Lorazepam

Ativan™

What It's For & How To Take

Lorazepam acts on the brain and nerves in the brain to produce a calming effect. It does this by enhancing a chemical in the brain which decreases excitement.

Lorazepam is used to treat anxiety, short-term treatment of insomnia, and chemotherapy-related nausea and vomiting. Lorazepam is usually a tablet that is swallowed. However, it will dissolve under the tongue when someone is unable to swallow the tablet.

Lorazepam is usually prescribed to be taken not more than three times daily. Your doctor will adjust your dose based on your response to treatment. This medication may be taken with or without food.

If you forget to take a dose, take it as soon as you remember. If it is near the time of your next dose, skip it and continue with your normal dose time. Do not take a double dose to make up the missed dose.

Do not increase your dose of lorazepam or take it more often than ordered without your doctor’s approval because this drug can be habit-forming.

If you have taken this medication for a long time, you may notice that it doesn’t seem to work as well. Contact your doctor to discuss the options. If you have taken this medication for a long time or in a high dose, do not stop taking it all at once because it may cause a withdrawal reaction. Your doctor may have you decrease your dose of lorazepam over a couple weeks or months.

Most Important Warnings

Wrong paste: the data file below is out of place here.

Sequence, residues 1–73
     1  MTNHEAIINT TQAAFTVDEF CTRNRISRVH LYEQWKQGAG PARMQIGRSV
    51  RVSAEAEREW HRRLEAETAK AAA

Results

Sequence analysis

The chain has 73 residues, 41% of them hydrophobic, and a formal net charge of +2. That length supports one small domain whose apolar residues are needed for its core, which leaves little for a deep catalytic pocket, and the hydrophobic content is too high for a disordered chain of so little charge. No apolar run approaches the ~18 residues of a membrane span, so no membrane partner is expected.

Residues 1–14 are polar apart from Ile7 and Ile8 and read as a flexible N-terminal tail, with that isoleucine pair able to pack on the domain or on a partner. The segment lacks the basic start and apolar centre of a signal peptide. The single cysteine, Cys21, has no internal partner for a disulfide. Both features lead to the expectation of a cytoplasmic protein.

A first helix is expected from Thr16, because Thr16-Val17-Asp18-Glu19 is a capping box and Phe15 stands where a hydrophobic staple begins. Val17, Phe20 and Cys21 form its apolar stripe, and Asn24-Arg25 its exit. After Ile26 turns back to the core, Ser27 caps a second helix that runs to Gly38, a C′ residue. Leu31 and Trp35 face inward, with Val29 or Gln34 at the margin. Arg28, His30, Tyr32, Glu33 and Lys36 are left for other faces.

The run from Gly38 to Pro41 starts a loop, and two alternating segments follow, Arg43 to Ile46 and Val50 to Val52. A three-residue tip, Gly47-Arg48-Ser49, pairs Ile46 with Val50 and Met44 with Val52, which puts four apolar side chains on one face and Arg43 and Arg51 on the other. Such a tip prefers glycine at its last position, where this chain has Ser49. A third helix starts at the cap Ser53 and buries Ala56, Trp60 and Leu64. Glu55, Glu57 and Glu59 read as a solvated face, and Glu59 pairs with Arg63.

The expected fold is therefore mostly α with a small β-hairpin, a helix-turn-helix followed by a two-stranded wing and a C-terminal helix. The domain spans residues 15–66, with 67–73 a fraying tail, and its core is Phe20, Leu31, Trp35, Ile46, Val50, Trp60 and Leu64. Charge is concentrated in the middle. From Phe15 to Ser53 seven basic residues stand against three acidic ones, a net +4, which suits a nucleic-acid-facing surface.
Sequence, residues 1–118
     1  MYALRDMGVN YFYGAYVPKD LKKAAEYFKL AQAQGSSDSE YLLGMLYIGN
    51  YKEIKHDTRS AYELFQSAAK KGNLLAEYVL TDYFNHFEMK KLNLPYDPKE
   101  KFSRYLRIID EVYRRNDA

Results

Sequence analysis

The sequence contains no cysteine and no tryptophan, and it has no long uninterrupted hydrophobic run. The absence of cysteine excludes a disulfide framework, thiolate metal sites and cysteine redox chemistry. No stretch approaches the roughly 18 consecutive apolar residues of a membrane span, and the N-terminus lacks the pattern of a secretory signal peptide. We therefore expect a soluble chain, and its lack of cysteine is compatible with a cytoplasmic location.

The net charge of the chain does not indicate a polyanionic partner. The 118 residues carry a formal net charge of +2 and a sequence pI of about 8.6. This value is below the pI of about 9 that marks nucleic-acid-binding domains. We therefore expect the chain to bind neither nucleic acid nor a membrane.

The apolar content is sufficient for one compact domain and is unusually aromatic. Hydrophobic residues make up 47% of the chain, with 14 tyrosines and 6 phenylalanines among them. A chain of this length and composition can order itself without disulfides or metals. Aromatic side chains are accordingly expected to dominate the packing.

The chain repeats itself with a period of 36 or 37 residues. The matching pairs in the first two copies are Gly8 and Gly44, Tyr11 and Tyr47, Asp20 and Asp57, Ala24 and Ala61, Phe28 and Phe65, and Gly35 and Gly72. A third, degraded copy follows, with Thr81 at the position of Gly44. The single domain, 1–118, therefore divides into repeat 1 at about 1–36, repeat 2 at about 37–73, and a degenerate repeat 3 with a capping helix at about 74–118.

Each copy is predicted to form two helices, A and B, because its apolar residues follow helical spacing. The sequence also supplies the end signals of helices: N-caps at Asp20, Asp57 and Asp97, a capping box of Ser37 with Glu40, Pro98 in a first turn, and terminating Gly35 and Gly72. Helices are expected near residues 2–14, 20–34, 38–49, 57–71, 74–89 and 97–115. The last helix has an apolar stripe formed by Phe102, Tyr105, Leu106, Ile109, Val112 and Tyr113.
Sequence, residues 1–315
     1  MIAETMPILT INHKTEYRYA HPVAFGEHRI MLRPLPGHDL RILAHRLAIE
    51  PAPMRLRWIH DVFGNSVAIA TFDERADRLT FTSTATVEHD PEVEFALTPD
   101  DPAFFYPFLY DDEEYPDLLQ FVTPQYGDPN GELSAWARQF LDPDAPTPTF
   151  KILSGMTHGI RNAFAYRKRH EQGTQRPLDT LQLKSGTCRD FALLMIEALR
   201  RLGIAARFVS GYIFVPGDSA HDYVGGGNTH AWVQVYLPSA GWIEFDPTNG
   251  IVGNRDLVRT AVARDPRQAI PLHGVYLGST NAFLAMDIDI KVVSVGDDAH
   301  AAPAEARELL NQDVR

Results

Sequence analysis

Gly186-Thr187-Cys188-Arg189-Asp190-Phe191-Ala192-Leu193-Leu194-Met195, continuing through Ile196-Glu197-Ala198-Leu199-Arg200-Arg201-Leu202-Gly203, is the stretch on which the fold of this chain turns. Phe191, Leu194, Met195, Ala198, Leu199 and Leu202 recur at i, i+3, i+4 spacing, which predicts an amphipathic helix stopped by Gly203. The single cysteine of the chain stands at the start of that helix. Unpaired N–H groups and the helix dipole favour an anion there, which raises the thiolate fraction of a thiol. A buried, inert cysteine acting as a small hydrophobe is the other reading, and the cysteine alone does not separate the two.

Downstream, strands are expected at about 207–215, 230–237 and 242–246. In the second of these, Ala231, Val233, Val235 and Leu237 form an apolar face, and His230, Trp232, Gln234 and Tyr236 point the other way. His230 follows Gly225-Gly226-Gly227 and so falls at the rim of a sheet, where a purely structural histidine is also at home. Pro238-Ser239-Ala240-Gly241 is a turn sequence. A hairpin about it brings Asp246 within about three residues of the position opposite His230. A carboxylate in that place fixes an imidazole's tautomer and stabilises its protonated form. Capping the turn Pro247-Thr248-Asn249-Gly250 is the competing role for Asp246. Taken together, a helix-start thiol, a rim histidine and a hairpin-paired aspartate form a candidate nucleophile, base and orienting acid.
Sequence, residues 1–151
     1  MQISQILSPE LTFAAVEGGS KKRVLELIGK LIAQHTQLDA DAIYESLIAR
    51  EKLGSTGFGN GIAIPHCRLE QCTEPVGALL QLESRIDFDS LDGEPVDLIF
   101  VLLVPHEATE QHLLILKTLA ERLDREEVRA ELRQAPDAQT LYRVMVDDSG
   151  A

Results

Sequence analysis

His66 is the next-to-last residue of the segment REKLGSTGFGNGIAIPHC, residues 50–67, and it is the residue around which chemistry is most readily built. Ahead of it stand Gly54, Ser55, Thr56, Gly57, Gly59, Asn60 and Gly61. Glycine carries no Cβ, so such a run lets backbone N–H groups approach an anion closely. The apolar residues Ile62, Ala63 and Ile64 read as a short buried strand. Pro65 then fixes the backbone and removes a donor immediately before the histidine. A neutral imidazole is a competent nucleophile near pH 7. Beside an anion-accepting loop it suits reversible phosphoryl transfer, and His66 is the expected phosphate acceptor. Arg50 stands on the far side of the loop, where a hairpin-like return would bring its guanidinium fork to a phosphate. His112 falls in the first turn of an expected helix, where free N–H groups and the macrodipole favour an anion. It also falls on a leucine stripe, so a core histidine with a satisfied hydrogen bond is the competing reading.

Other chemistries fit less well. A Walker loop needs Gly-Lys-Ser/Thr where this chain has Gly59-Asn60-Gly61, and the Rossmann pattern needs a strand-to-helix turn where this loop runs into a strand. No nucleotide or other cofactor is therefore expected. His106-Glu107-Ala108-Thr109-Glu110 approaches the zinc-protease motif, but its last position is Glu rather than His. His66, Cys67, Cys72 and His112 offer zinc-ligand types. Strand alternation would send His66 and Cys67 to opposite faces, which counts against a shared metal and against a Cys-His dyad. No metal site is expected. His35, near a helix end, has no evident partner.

• Combining this medication with opiate pain medications, such as hydrocodone or oxycodone, may cause extreme sleepiness, significant breathing difficulties, coma, and death.

Warnings & Cautions

  • Smoking may decrease the effect of this medication. Tell your doctor if you smoke or have recently stopped smoking because your dose of lorazepam may need to be adjusted.
  • Do not drive or do any activity that requires focus and attention until you are sure you can do them safely. Avoid alcohol while taking lorazepam.
  • The elderly may be more sensitive to the side effects of this medication, especially the drowsiness and dizziness. The chance of loss of balance and falling is increased.
  • Caution is advised when using this medication in children. Lorazepam may affect children differently causing some restlessness and agitation instead of calming.
  • Infants born to mothers who are taking lorazepam are at risk. This medication should only be used during pregnancy when the benefit to the mother is greater than the risk to the unborn baby.
  • Lorazepam passes into breast milk. Breastfeeding is not recommended while taking this medication.

Interactions & Side Effects

  • Tell your pharmacist or doctor all your medication allergies so they may determine if lorazepam is safe for you to take.
  • Avoid dangerous drug interactions. Tell your pharmacist or doctor all the other medication you are taking, including over the counter supplements, even if you don't take them very often.
  • Ask your doctor if this medication is safe to take with your current health conditions. Tell your doctor if you have asthma, diabetes, high blood pressure, or a history of substance abuse.
  • While taking lorazepam, you may feel drowsy, dizzy, lightheaded, constipated and maybe some blurred vision. If these or any other unwanted side effects persist, call your doctor or pharmacist to talk about it with them.
  • Call your doctor right away if you have any breathing difficulties, increased heart rate, significant mood changes or suicidal thoughts.
If you have any questions about what you have heard, contact your pharmacist or doctor. This session does not include all the potential interactions or side effects that this medication may cause. Ask your pharmacist how your medication should be stored and how you should dispose of it when you are done taking it. Do not share your medication with anyone, ever. Remember, this is not meant to replace your counseling session with your pharmacist. In case of overdose, call your local poison control center at 1-800-222-1222.